Kent Woodruff believes that a freight train is coming, and it’s coming fast. Climate change is altering our world to a point beyond precedent, and Kent need not look far past the front door of his Methow Valley home to see the consequences. As he guided us through a whirlwind tour of the Methow Valley’s public land, Kent brought the impacts of an increasingly warm and dry climate here into focus. Moreover, he urged us to take the lead on softening these effects.
Kent Woodruff is a wildlife biologist for the Okanogan District of the U.S. Forest Service, based in the Methow Valley on the eastern slopes of the North Cascade Mountains. A man of unabating energy and resolute enthusiasm for conservation and restoration of the forest, Kent’s enterprises are diverse and his vigor palpable. With great reverence for the forest he loves, Kent’s work is driven by his mantra that “ecosystems are not more complex than we think- they are more complex than we can think”. To bring focus to the complexity of his vocation, Kent views dealing with climate change as twofold; climate mitigation refers to taking actions to slow the rate of climate change, and climate adaption is the softening of the inevitable impacts of climate change.
Kent devotes himself everyday to achieving the latter in the Okanogan National Forest by advocating for wildlife as part of an interdisciplinary Forest Service decision-making team. He also runs a beaver relocation program, bring them back to their natural habitat, works with recreators to minimize impacts on the land, and helps to spot forest fires before they become calamitous, among other endeavors. In order to effectively undertake climate adaptation, though, Kent needs help, and lots of it. Climate change is having such a great impact on this area, he says, that we can no longer look to the past to forecast the ecology of this landscape in the future. We must form a team of writers, storytellers, and climate adaptation specialists to convey that the climate change freight train is coming, and while the rumble can already be felt in the Okanogan National Forest, it will not be long before places across the country find that they too are standing on the tracks. When it comes to climate adaptation, Kent says, we cannot be too bold.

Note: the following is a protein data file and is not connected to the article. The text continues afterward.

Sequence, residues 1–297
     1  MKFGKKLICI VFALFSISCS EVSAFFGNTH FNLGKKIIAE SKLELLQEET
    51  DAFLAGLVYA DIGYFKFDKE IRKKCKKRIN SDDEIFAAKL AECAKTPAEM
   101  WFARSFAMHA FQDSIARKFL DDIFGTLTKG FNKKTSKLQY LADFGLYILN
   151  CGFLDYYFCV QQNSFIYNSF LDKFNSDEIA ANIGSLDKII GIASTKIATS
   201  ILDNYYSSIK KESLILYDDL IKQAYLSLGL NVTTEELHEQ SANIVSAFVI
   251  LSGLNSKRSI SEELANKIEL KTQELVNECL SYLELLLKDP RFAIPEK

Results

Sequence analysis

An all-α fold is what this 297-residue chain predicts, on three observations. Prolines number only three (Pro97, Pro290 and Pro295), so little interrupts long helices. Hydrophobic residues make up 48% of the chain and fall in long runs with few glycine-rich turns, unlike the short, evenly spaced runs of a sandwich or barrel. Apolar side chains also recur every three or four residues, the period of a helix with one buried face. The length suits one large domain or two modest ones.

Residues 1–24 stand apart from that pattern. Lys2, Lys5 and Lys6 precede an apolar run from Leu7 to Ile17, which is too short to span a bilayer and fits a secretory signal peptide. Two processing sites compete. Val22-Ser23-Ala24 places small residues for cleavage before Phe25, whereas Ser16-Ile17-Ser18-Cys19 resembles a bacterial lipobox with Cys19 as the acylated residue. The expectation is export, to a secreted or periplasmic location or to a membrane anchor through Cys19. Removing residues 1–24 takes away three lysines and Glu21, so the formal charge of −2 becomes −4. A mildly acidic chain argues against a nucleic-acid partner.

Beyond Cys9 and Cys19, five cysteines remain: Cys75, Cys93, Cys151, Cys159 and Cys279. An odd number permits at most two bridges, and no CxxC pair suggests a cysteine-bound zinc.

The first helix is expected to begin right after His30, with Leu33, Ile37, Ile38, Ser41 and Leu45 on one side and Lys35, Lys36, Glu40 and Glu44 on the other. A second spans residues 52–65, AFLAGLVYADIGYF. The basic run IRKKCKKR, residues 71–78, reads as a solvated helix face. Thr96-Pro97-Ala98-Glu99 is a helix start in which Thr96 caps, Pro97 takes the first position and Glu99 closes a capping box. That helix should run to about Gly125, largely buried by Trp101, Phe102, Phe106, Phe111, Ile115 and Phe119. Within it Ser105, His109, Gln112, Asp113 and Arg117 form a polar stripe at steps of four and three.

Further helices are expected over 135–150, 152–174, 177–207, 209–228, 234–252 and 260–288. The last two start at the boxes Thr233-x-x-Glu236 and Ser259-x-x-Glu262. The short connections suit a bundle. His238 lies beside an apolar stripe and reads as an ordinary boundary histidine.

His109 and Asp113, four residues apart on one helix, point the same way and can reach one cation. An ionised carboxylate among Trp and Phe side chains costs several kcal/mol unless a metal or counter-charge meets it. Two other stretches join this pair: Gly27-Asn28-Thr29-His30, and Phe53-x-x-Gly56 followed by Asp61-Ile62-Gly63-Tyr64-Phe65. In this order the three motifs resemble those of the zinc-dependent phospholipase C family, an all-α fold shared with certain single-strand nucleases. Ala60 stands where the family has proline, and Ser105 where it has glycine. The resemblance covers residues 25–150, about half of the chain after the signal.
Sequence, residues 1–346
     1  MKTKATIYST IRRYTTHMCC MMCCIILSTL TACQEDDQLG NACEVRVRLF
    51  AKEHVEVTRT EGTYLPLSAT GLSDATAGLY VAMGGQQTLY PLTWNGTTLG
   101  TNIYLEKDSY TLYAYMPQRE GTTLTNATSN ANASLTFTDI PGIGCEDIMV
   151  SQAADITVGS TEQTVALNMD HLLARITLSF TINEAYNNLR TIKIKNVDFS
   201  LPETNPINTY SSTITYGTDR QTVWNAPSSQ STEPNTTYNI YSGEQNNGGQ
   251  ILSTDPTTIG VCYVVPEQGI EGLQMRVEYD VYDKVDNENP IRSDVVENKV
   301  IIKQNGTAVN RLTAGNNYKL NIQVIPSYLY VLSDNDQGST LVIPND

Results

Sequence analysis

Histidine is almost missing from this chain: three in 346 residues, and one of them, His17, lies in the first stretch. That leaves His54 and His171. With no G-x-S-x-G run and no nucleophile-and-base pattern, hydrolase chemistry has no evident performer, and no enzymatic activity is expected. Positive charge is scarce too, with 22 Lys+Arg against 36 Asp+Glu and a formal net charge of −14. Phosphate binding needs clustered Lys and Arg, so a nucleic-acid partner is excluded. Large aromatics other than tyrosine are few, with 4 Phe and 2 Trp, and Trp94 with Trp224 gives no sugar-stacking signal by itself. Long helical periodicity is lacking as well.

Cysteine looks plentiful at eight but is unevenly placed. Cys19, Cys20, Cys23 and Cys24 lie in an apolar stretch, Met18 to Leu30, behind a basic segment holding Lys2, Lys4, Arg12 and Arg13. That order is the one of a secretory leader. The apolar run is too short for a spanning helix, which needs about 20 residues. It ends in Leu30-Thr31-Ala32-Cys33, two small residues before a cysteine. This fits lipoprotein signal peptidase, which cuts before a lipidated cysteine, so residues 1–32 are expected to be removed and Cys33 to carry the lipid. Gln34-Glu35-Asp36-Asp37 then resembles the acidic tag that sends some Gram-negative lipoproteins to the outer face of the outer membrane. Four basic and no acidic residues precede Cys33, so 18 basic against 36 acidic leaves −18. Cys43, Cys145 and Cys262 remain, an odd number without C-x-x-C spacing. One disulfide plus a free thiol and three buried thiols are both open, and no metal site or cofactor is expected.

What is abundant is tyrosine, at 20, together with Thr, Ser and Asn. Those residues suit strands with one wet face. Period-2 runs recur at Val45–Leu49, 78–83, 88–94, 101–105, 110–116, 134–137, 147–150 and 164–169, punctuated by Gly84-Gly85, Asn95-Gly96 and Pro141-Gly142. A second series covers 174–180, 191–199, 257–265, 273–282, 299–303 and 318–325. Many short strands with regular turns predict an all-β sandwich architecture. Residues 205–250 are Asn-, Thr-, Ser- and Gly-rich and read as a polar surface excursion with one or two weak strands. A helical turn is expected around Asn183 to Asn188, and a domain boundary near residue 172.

By: Abby Popenoe